Lufthansa Cargo’s operating profit in 2012 sank 58 percent from the previous year to 104 million euros ($135 million), but it was one of the few freight airlines to remain in the black in a market plagued by rising supply and declining demand.
And the German carrier, which booked a profit in every quarter last year as it slashed freighter capacity and cut costs in response to softening demand, said it expect earnings to increase in 2013 followed by an “increasingly positive” performance in 2014.
The 2012 profit has taken Lufthansa Cargo’s cumulative profit for the past three years to $862 million.
Sales in 2012 were 8.7 percent lower at $3.5 billion as traffic dipped 8.5 percent to 1.72 million metric tons. Capacity was trimmed 8.2 percent from a year ago, outpacing an 8 percent drop in revenue that boosted the load factor by 0.1 percentage points to 69.6 percent.
The Asia-Pacific region saw the steepest decline in tonnage of 12.2 percent to 466,000 tons and capacity, which was cut 13 percent. Traffic out of China stabilized toward the end of the year, but other Asian markets deteriorated, especially Japan.
America traffic declined 10 percent to 520,000 tons, but sales dipped 6.5 percent, as capacity was shifted to the more buoyant South American market.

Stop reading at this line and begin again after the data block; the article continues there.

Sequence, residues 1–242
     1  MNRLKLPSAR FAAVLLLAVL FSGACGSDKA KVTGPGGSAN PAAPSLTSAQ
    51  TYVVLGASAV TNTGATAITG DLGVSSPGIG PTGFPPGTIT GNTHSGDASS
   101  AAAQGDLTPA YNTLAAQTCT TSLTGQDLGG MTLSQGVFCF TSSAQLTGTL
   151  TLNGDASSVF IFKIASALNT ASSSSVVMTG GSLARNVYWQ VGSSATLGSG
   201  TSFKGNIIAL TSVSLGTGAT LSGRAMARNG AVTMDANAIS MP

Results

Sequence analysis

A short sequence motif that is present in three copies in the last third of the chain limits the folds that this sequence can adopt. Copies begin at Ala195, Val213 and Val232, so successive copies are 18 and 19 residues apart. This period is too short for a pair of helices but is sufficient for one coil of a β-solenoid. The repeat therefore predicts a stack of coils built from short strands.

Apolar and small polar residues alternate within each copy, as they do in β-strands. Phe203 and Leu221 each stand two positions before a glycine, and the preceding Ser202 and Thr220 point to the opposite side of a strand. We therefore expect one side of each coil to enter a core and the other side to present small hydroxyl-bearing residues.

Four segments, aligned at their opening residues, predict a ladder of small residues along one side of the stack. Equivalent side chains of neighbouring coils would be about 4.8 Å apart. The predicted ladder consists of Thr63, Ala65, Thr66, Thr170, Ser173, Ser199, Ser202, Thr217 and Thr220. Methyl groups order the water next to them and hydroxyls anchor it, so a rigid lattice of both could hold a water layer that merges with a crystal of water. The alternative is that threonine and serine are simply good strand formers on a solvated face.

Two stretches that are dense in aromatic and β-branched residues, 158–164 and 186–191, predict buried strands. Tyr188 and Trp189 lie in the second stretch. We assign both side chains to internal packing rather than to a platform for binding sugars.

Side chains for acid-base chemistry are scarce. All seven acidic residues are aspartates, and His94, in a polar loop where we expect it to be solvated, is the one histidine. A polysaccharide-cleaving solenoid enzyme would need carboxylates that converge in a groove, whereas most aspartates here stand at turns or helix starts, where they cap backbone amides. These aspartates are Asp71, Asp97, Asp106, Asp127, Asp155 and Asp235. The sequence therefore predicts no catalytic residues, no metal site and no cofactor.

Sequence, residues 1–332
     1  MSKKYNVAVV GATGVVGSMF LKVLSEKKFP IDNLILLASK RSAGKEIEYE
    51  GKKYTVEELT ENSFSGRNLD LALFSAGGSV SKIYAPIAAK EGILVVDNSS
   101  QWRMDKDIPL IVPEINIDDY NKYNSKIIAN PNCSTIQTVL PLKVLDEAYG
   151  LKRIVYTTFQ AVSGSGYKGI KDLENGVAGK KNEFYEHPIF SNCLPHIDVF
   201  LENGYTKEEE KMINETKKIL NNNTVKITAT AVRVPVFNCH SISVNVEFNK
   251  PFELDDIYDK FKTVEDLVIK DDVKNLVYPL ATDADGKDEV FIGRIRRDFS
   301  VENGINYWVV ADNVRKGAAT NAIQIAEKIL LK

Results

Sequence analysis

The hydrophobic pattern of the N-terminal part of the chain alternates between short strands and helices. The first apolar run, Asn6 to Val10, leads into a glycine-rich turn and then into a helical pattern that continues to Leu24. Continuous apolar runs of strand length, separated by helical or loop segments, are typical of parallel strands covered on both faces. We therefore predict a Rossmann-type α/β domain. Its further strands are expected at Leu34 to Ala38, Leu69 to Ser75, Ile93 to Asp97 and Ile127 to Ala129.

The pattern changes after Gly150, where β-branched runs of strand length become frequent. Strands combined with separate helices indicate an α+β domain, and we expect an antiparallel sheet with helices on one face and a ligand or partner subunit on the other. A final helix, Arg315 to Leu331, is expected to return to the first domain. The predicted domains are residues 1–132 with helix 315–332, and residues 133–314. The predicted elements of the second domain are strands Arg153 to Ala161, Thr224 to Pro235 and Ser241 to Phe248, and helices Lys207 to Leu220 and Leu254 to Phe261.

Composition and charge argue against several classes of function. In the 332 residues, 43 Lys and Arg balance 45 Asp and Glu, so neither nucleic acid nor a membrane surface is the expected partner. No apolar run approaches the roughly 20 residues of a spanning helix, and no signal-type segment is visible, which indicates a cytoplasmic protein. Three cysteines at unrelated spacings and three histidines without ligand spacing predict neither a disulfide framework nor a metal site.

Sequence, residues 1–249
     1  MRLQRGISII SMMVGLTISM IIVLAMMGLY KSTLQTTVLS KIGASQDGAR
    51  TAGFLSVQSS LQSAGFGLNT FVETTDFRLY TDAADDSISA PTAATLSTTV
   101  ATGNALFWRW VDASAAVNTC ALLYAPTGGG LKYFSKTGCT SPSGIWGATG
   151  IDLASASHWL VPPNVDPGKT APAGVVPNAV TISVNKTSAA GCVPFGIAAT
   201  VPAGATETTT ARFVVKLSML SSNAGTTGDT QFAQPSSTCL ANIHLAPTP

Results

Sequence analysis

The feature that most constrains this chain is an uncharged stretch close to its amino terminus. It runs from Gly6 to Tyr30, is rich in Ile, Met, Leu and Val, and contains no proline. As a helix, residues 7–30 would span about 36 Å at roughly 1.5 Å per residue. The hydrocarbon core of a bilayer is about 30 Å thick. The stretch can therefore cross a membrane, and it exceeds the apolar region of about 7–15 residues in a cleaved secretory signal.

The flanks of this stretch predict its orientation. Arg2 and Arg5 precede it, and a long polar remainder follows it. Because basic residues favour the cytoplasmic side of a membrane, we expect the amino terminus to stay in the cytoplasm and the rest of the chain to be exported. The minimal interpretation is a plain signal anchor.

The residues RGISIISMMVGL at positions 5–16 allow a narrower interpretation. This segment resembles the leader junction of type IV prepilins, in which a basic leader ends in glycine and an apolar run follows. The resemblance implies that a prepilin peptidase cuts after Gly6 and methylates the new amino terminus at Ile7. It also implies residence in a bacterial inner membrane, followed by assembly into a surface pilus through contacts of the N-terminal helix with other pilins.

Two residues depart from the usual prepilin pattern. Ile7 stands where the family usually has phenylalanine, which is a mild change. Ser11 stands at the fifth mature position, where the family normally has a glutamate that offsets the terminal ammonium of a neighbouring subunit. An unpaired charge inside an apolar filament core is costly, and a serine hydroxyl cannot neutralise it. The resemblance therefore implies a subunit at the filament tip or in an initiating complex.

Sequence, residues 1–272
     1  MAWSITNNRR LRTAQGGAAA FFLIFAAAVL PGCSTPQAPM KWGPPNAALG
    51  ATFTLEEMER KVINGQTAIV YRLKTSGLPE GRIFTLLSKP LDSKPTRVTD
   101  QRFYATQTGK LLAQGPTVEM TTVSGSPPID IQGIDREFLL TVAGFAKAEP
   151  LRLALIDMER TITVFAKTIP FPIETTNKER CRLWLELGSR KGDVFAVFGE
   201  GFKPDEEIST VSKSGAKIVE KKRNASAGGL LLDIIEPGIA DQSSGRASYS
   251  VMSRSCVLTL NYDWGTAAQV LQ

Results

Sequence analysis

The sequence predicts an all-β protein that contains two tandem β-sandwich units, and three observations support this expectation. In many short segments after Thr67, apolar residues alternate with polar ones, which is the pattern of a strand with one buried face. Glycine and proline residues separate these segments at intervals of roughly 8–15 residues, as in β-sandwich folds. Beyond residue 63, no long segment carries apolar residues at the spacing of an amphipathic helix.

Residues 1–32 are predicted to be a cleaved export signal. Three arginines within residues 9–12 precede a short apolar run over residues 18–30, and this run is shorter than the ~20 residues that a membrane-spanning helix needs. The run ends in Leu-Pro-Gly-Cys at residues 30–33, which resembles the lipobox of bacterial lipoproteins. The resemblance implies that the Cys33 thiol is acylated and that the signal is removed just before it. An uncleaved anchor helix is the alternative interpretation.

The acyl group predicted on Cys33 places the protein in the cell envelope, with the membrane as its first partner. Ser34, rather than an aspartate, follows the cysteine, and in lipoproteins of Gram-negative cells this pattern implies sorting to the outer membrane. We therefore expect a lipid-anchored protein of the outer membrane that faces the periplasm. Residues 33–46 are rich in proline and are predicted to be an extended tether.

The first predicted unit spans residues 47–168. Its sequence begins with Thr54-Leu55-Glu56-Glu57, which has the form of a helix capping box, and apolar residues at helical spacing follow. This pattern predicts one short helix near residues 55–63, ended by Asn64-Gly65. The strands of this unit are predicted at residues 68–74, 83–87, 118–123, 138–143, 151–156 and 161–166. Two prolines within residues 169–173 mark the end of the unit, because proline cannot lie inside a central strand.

The night flight ban at Lufthansa Cargo’s Frankfurt hub that was imposed in October 2011 and confirmed by a court in April 2012 had a “tangible adverse effect” on its business and will depress earnings by a mid-two-digit million euros figure every year from now.
The carrier, which operates a fleet of 18 MD-11 freighters, expects demand to recover noticeably and tonnage to start rising again at the latest in the second half of the year.
Lufthansa Cargo said it has yet to decide whether to deploy two of five Boeing 777 freighters on order that are scheduled to join its fleet in late 2013 as additional or replacement aircraft.